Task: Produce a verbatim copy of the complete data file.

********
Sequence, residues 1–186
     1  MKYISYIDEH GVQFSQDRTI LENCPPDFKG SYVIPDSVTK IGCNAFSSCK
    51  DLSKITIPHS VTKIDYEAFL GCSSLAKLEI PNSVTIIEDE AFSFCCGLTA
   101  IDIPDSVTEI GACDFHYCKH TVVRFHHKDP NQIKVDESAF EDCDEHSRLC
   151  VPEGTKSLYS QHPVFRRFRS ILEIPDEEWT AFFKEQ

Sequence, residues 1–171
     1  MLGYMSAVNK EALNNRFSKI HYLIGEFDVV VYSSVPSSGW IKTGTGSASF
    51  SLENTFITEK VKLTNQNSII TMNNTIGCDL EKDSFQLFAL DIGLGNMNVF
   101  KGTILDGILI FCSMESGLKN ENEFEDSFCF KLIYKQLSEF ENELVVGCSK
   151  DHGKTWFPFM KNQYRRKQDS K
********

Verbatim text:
Sequence, residues 1–186
     1  MKYISYIDEH GVQFSQDRTI LENCPPDFKG SYVIPDSVTK IGCNAFSSCK
    51  DLSKITIPHS VTKIDYEAFL GCSSLAKLEI PNSVTIIEDE AFSFCCGLTA
   101  IDIPDSVTEI GACDFHYCKH TVVRFHHKDP NQIKVDESAF EDCDEHSRLC
   151  VPEGTKSLYS QHPVFRRFRS ILEIPDEEWT AFFKEQ

Sequence, residues 1–171
     1  MLGYMSAVNK EALNNRFSKI HYLIGEFDVV VYSSVPSSGW IKTGTGSASF
    51  SLENTFITEK VKLTNQNSII TMNNTIGCDL EKDSFQLFAL DIGLGNMNVF
   101  KGTILDGILI FCSMESGLKN ENEFEDSFCF KLIYKQLSEF ENELVVGCSK
   151  DHGKTWFPFM KNQYRRKQDS K